I feel even more terrible when I have to take up this argument with women around me. That slaps me on my face with the harsh reality of the society that we live in. That tells me that even women today have accepted that once their husbands are dead, everything is over for them. And it is better to end your lives rather than fight for a right to still live a dignified life. That tells me that they have accepted the secondary status given to them.
They are not the women, back then who did ‘johar’ or now who accept it as a matter of pride and glory that are at fault. It is the society and the culture of treating women as objects of fulfilling lust that is being promoted which are at fault. I remember this advertisement of a deodorant, wherein a handsome chap sprays the very sexy smelling deo all over his body and what follows next, any guesses? Very sexy looking ‘apsaras’(angels), not able to resist the sex appeal of this young lad, come falling down from heaven. And you know the best part of this ad? This young, handsome, very sexy looking and now “sexy smelling” chap is not at all shocked to see these angels, because that is exactly what he expects. Oh WOW!!! They just nailed it. That’s exactly what angels up there and we girls down here want all the time, that’s what we live for, that’s all our value in this society and in the lives of men is, isn’t it?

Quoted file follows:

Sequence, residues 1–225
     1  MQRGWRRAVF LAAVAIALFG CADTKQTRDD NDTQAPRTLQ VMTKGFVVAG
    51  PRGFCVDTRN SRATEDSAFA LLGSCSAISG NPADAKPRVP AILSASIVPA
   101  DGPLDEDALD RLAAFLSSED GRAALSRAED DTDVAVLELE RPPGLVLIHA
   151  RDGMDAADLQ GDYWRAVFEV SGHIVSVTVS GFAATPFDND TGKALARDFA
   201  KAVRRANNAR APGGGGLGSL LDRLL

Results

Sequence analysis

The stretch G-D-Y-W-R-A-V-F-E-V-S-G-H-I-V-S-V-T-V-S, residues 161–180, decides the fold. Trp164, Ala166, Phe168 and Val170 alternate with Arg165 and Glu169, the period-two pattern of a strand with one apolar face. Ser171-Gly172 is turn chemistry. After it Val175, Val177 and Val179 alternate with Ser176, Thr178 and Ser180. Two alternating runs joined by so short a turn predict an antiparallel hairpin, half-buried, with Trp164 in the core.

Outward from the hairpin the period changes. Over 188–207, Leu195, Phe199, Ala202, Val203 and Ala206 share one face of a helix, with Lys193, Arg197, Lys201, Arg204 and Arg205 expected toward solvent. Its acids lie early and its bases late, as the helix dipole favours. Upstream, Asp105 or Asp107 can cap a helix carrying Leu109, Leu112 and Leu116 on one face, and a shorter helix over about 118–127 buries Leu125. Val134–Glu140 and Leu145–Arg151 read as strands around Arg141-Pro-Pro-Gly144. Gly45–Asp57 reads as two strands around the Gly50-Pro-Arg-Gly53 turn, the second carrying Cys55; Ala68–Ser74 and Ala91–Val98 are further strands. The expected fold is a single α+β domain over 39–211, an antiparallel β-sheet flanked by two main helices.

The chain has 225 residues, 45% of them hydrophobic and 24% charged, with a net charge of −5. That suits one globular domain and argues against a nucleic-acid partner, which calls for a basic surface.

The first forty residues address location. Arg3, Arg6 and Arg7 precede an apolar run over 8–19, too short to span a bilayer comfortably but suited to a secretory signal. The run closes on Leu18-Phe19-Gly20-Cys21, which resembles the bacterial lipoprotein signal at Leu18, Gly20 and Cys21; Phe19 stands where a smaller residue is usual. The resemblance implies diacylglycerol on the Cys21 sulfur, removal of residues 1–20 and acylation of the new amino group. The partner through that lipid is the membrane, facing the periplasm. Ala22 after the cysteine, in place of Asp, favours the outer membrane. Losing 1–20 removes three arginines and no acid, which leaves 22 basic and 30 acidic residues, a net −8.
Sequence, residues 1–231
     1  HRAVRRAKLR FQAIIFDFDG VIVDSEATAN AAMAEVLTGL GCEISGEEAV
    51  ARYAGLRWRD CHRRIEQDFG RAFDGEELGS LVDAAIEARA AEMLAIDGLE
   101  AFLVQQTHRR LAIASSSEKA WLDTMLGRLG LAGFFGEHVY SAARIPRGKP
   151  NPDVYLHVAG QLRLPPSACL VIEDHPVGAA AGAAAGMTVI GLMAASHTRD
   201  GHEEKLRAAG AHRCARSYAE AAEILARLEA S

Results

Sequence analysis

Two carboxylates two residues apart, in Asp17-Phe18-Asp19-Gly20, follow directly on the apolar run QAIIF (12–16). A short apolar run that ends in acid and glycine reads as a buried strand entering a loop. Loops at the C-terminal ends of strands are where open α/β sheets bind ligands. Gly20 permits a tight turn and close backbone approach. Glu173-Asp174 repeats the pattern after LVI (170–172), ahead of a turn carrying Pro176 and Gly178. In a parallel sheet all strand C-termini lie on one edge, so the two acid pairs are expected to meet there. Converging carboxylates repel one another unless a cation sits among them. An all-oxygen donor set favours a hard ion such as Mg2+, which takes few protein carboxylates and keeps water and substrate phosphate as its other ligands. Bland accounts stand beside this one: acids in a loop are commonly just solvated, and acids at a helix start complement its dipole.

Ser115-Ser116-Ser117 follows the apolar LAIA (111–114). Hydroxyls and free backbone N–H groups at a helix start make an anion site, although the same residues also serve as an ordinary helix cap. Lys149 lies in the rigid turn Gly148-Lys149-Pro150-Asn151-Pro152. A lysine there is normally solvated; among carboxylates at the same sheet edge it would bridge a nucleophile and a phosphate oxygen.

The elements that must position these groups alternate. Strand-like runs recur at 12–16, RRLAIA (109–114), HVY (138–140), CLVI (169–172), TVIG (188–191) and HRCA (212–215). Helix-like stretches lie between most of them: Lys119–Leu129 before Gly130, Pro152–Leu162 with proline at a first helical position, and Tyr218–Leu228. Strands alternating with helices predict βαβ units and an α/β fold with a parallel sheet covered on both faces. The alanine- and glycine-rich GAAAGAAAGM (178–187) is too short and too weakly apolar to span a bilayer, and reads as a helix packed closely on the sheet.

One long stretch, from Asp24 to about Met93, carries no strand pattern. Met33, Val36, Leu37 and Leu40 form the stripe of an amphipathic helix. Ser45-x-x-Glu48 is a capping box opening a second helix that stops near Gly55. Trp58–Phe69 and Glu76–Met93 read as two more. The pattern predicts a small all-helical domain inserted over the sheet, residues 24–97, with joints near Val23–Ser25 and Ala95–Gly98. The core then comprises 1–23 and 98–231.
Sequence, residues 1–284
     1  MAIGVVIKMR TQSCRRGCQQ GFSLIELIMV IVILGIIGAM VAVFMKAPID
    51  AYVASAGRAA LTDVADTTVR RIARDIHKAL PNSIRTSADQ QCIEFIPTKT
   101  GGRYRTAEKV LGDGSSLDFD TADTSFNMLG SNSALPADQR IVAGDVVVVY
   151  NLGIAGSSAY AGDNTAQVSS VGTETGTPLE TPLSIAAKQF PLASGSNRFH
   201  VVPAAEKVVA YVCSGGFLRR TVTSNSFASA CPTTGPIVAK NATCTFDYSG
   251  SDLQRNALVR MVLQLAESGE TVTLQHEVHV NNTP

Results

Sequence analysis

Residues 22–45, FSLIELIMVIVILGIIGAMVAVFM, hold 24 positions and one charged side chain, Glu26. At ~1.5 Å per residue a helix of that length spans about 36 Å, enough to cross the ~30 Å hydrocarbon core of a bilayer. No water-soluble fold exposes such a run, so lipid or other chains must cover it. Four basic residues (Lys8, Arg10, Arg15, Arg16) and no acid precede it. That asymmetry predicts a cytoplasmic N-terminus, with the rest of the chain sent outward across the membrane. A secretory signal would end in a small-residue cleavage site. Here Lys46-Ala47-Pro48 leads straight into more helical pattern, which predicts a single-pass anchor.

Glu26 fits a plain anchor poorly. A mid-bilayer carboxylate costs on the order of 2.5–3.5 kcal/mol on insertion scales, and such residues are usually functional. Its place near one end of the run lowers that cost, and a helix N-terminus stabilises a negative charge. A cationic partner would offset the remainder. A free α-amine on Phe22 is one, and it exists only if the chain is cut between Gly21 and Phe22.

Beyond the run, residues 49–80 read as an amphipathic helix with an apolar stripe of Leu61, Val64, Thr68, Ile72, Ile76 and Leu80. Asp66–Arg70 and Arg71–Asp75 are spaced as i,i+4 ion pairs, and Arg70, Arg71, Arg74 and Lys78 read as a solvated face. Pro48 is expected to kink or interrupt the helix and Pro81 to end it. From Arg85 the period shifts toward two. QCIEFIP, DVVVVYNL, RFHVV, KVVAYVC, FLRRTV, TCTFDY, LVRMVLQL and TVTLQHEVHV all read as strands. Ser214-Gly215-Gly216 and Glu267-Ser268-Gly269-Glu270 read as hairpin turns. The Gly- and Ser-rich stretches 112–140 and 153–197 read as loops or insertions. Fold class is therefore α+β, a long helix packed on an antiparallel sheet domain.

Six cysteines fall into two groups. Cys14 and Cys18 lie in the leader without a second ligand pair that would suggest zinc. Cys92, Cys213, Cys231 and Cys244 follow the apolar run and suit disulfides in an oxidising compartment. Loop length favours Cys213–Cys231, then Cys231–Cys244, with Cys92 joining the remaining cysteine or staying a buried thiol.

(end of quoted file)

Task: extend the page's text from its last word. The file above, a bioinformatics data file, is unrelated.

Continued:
The deliberate attempt to divide the human beings of this society on the basis of gender, the mentality to objectify women and the culture to treat women as secondary beings of this society are very effectively pitched to be a fight against men. But is that really true? Do all men you know want to come and rape you? And for those who want to, who is responsible to punish them? And that too punish in a way that no one dares even think of such crimes again. Who permits and promotes such ads and movies wherein the value of a woman is brought down to her ‘body’ or ‘izzat’?
It’s high time we come out and say that yes, the society we live in today is a patriarchal society, but we will fight against that! the value of a woman’s life is not limited to her ‘izzat’, and we women can fight for our rights along with the men in this society!